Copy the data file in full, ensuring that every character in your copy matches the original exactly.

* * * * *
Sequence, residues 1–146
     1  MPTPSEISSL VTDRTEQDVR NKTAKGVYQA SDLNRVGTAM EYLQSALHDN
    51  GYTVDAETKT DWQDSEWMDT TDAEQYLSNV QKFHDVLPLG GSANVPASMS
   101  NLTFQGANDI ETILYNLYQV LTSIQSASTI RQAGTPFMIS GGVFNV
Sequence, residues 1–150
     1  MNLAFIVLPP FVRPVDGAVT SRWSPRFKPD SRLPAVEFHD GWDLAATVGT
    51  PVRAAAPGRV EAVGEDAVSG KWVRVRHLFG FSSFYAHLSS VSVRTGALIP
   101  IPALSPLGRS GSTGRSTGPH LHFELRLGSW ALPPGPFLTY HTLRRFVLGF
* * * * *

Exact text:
Sequence, residues 1–146
     1  MPTPSEISSL VTDRTEQDVR NKTAKGVYQA SDLNRVGTAM EYLQSALHDN
    51  GYTVDAETKT DWQDSEWMDT TDAEQYLSNV QKFHDVLPLG GSANVPASMS
   101  NLTFQGANDI ETILYNLYQV LTSIQSASTI RQAGTPFMIS GGVFNV
Sequence, residues 1–150
     1  MNLAFIVLPP FVRPVDGAVT SRWSPRFKPD SRLPAVEFHD GWDLAATVGT
    51  PVRAAAPGRV EAVGEDAVSG KWVRVRHLFG FSSFYAHLSS VSVRTGALIP
   101  IPALSPLGRS GSTGRSTGPH LHFELRLGSW ALPPGPFLTY HTLRRFVLGF